Sounds like Lenovo is considering a BlackBerry buy-out. A recent comment by the computer maker's chief executive, expressing interest in the beleaguered phone maker, has caused the biggest jump in a month in BlackBerry's share price.
Lenovo CEO Yang Yuanqing told the French financial newspaper Les Echos that such an acquisition "could possibly make sense," adding that first he needed to analyze the market and "understand what exactly the importance of this company is." BlackBerry shares rose 9.7 percent to $14.32 this morning.
In January, Lenovo Chief Financial Officer Wong Mai Ming told Bloomberg BusinessWeek that it was "looking at all opportunities -- RIM and many others," and noted that the computer maker would "have no hesitation" if the right opportunity presented itself.
At the time, Bloomberg also reported that Lenovo had been in discussions with the company, which was then called Research In Motion, or RIM. In late January, it changed its name to match that of its main product line, BlackBerry. Also in January, BlackBerry CEO Thorsten Heins told a German newspaper that his company was reviewing a number of different strategic directions, including the possibility of selling its hardware unit and licensing its BB10 software . He has not ruled out a sale of the company.
While BlackBerry has been struggling to regain market share in the booming smartphone market with its new BlackBerry 10 platform and devices, Lenovo has the opposite situation. The computer maker has gained market share even as the PC market has declined, and thus could be interested in expanding to other markets that help build on its PC base.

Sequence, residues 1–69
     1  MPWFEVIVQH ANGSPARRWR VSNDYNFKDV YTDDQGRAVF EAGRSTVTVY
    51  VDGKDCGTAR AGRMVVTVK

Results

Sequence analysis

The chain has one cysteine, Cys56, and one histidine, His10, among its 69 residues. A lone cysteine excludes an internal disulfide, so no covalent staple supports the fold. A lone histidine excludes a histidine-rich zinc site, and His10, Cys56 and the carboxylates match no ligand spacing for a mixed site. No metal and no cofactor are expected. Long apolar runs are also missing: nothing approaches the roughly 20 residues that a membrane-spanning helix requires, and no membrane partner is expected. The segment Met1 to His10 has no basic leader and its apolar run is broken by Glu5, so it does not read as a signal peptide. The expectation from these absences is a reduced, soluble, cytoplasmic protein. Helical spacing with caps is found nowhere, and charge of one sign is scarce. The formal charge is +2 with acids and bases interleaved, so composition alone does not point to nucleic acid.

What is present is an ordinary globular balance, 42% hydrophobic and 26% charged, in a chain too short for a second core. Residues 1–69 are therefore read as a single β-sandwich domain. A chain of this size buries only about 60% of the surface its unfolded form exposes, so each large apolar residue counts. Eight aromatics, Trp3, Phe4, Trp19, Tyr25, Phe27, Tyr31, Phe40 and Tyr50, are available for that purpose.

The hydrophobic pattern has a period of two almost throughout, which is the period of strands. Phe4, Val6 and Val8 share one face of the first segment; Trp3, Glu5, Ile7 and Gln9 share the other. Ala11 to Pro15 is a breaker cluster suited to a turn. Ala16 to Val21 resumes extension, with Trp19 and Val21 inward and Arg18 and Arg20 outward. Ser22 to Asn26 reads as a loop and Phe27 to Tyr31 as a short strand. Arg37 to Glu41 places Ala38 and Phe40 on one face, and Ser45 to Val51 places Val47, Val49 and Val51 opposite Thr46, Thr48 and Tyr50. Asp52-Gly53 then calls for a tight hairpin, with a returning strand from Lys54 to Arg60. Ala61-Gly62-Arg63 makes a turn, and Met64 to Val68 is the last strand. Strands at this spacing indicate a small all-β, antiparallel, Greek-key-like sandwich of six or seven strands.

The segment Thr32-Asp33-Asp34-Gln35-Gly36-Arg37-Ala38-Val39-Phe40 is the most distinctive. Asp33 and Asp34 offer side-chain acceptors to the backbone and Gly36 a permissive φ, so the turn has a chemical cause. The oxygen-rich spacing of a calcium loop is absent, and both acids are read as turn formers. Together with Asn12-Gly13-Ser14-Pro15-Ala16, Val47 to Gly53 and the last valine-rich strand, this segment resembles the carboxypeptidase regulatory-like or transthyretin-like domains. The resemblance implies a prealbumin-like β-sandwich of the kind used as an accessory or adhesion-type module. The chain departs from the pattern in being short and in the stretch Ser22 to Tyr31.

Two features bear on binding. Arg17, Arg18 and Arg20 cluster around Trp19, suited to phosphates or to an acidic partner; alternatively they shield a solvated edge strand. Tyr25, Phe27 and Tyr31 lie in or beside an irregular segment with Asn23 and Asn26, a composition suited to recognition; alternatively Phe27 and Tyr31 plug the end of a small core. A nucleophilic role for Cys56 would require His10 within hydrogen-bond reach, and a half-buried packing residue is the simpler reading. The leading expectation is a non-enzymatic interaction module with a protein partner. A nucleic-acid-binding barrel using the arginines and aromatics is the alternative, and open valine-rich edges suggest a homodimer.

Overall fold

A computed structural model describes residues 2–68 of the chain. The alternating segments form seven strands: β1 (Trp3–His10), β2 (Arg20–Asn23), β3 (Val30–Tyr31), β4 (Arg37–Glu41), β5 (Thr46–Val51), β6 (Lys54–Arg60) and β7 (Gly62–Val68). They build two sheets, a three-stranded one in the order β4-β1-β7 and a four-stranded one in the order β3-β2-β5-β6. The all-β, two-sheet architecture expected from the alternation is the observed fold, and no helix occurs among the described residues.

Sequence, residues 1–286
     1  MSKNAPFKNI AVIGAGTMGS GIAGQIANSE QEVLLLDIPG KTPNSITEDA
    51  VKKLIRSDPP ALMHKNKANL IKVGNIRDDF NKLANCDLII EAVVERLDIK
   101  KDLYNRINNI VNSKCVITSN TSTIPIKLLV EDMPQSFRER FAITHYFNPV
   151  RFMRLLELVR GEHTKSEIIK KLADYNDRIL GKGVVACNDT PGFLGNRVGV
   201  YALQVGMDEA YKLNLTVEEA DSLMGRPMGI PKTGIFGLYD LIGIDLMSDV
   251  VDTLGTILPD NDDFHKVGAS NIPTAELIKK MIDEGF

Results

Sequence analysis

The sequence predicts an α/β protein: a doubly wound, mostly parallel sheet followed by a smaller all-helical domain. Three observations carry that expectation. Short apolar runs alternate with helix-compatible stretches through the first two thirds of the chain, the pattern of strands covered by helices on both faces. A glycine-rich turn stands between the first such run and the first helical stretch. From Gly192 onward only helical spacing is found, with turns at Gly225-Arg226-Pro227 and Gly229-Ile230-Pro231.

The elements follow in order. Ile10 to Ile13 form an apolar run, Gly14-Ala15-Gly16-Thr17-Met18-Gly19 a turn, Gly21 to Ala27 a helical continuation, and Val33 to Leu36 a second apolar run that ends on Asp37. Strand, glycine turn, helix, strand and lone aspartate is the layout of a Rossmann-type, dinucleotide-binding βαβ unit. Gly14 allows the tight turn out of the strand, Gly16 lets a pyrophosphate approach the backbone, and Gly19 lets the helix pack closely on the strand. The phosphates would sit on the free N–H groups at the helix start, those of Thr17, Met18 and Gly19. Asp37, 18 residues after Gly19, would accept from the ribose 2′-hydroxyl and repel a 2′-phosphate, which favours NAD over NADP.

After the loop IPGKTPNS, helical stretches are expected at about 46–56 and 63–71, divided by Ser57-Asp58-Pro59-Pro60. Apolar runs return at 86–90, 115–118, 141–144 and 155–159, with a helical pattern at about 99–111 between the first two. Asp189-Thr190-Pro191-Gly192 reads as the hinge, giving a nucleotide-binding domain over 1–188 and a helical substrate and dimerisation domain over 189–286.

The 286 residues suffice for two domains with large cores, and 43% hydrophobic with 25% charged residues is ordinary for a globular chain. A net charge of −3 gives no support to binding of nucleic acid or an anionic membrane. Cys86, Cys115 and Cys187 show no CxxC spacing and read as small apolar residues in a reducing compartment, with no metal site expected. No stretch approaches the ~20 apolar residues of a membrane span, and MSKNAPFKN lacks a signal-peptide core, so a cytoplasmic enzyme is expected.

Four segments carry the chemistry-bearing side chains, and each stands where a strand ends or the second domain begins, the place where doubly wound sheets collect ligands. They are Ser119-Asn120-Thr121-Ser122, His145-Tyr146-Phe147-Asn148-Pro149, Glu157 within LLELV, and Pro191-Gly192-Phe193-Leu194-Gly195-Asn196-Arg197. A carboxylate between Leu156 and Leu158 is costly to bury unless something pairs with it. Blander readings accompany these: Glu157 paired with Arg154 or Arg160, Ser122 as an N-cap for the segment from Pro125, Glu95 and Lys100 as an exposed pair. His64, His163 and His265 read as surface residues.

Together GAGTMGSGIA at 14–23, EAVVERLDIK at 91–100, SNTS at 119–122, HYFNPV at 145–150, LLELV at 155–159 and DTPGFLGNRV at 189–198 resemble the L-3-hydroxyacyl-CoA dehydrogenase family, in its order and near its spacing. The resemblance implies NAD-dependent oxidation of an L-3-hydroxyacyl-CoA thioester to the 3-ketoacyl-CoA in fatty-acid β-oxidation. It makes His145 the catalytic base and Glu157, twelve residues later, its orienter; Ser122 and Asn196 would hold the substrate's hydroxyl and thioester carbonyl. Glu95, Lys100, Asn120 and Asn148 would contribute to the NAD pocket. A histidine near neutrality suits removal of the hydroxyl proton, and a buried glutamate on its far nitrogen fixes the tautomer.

If Lenovo did seek to buy the Canada-based BlackBerry, the purchase would have to receive regulatory approval in Canada and in the U.S., since Lenovo is a Chinese company. It was created in 2005, when IBM sold its PC division to a group of Chinese investors.
It's not yet clear if BlackBerry is gaining the altitude it needs to survive in the harshly competitive smartphone environment, where Samsung and Apple are the dominant manufacturers, and Android and iOS the reigning platforms.
Z10 in Wake of S IV
There have been some signs that BlackBerry's new BB10 touchscreen model, the Z10, is getting a strong response. Last week, for instance, the company reported that more than 100 businesses in the U.K. were testing the devices, which could be a sign that BlackBerry is having some success in retaining or expanding its business base in that country. (continued...)
Posted: 2013-03-11 @ 3:21pm PT
Given that BlackBerry is a Canadian firm, why would US approval be required?